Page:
It's important, as a reptile or amphibian hobbyist, to understand the different types of parasites and the corresponding treatment options (if absolutely necessary). This book includes detailed information and pictures on common, as well as rare, types of parasites. Equipped with this book, you will not only be able to identify certain symptoms in your reptiles and amphibians, but also prevention. It's certainly worth the investment to purchase Understanding Reptile Parasites (purchase link above). They say prevention is worth a pound of cure--this 200-page book contains information on both.

My Leach's anole from Antigua (Anolis leachii) giving the camera a look.
My Leach's anole from Antigua (Anolis leachii) giving the camera a look.

The Herpetoculture of Leopard Geckos Book Review

Leopard geckos are not only excellent captive reptiles, but also fairly easy to breed. This makes them a very attractive species to reptile hobbyists around the world. While they aren't overly demanding as far as captive conditions are concerned, it is important if you want to maximize your success with them.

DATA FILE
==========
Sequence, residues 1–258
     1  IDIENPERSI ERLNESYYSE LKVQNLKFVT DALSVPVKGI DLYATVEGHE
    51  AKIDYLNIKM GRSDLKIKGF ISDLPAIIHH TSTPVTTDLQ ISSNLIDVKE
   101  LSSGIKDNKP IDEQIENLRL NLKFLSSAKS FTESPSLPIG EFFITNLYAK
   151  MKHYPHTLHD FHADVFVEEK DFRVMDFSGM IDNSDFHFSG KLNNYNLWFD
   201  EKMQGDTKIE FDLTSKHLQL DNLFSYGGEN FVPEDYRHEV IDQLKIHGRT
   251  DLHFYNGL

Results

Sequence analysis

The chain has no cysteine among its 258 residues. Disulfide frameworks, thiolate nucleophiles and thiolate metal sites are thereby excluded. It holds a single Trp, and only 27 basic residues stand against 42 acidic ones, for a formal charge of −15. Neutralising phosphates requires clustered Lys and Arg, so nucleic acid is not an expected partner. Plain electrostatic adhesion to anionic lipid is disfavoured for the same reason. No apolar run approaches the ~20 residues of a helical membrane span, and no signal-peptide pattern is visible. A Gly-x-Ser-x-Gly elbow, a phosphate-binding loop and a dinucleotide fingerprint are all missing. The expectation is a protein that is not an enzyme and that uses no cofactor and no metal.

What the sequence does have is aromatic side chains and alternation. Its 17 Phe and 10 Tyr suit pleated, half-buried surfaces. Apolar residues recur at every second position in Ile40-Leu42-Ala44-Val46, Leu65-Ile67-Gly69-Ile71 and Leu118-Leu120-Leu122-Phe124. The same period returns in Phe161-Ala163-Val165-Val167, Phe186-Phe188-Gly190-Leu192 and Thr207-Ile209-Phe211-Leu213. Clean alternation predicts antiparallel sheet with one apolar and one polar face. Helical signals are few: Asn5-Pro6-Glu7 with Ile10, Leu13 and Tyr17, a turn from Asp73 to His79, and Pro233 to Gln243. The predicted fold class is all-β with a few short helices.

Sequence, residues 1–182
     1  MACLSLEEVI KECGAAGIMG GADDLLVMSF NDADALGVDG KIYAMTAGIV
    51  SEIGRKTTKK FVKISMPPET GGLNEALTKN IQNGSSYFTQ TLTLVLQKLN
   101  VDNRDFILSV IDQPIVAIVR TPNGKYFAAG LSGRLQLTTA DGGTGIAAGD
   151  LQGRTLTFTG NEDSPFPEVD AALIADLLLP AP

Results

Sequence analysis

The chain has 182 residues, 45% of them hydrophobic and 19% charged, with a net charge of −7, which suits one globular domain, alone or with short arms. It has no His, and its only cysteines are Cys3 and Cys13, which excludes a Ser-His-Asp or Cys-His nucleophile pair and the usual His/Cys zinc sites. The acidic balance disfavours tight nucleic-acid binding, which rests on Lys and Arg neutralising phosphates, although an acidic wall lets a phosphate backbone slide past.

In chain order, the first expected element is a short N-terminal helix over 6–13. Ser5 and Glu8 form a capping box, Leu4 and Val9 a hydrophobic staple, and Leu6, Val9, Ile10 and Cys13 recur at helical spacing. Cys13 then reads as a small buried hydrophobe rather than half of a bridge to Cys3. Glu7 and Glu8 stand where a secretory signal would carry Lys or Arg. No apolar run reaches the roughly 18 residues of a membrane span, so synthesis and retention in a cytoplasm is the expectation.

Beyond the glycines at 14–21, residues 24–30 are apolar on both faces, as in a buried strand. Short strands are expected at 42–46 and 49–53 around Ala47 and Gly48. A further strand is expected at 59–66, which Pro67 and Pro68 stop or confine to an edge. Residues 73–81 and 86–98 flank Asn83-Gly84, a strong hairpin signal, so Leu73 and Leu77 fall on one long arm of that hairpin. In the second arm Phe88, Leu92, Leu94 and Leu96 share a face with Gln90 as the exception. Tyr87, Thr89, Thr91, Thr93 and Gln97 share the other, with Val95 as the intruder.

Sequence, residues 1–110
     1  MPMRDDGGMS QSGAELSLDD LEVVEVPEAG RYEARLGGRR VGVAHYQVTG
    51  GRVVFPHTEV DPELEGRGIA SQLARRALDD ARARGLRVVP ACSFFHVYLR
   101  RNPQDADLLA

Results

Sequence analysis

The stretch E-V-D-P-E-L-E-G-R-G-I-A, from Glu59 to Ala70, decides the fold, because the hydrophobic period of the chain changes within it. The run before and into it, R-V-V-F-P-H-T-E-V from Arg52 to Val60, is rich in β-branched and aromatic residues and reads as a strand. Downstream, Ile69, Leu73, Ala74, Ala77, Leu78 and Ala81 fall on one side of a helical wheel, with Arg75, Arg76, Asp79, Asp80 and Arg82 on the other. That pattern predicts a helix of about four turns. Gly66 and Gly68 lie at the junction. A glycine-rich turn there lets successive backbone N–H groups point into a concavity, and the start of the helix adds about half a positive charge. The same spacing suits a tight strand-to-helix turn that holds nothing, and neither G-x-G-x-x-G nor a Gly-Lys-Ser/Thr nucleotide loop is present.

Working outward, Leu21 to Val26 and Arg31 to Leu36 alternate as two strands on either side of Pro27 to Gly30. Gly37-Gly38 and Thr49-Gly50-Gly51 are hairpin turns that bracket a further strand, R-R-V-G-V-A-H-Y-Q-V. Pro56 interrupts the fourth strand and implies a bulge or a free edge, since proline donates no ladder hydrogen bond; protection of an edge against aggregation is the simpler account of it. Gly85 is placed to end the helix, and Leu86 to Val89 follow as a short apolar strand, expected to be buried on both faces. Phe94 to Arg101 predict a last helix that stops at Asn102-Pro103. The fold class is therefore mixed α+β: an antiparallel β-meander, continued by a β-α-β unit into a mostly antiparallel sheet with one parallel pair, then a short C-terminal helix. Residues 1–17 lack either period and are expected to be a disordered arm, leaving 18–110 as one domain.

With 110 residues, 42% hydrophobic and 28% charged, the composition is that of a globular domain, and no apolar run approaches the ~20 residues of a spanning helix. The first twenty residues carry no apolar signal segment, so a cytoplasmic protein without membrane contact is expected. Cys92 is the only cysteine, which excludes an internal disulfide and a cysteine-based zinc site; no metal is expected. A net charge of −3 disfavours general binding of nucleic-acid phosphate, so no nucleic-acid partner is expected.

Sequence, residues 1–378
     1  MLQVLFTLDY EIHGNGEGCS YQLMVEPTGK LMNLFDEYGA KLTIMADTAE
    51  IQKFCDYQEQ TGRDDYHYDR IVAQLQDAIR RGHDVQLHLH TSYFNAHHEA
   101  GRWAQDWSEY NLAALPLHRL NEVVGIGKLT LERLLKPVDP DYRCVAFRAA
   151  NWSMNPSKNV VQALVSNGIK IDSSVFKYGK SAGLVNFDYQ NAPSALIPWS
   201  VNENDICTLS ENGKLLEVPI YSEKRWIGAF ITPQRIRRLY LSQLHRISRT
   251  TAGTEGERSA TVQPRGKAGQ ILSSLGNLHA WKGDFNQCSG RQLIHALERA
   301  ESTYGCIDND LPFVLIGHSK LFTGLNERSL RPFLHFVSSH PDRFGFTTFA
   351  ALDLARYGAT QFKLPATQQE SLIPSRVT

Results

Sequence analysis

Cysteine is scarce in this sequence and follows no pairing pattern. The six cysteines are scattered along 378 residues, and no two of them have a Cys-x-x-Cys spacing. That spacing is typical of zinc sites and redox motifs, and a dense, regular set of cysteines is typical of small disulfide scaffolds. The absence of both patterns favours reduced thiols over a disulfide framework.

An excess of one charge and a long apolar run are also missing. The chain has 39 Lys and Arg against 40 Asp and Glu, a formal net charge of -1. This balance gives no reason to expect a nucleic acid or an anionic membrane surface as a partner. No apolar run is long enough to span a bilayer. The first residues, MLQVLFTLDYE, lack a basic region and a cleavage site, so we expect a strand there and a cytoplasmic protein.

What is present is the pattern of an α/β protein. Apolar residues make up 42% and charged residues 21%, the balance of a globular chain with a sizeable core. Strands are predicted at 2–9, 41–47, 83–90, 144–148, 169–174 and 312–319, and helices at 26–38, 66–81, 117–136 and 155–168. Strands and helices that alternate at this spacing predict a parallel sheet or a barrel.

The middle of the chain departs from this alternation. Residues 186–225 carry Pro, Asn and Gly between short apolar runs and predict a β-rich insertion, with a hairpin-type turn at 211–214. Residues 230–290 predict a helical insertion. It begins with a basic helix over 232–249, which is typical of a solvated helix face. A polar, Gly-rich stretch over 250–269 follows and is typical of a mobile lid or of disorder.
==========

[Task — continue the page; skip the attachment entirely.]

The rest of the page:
This book is written, in part, by Philippe de Vosjoli, one of the leading reptile experts in America. The important thing to remember is, he has had tremendous success breeding Leopard geckos--this is the type of person you want to learn from. Cage requirements, the best foods, breeding strategies, supplementation, and a considerable amount more are all contained within its 260 pages.

If you have a Leopard gecko or are considering trying your hand at breeding them, the few dollars it costs to purchase The Herpetoculture of Leopard Geckos (purchase link above) will pay for itself many times over with rich, proven content.

Ball Python forming a "ball," after its namesake.
Ball Python forming a "ball," after its namesake.

The Complete Ball Python Book Review

Ball pythons have become extraordinarily popular snakes amongst reptile hobbyists over the past several years, and justifiably so. Their generally gentle demeanors coupled with hardiness, a manageable size, and a willingness to breed have helped thrust ball pythons to the forefront of the modern day reptile hobby.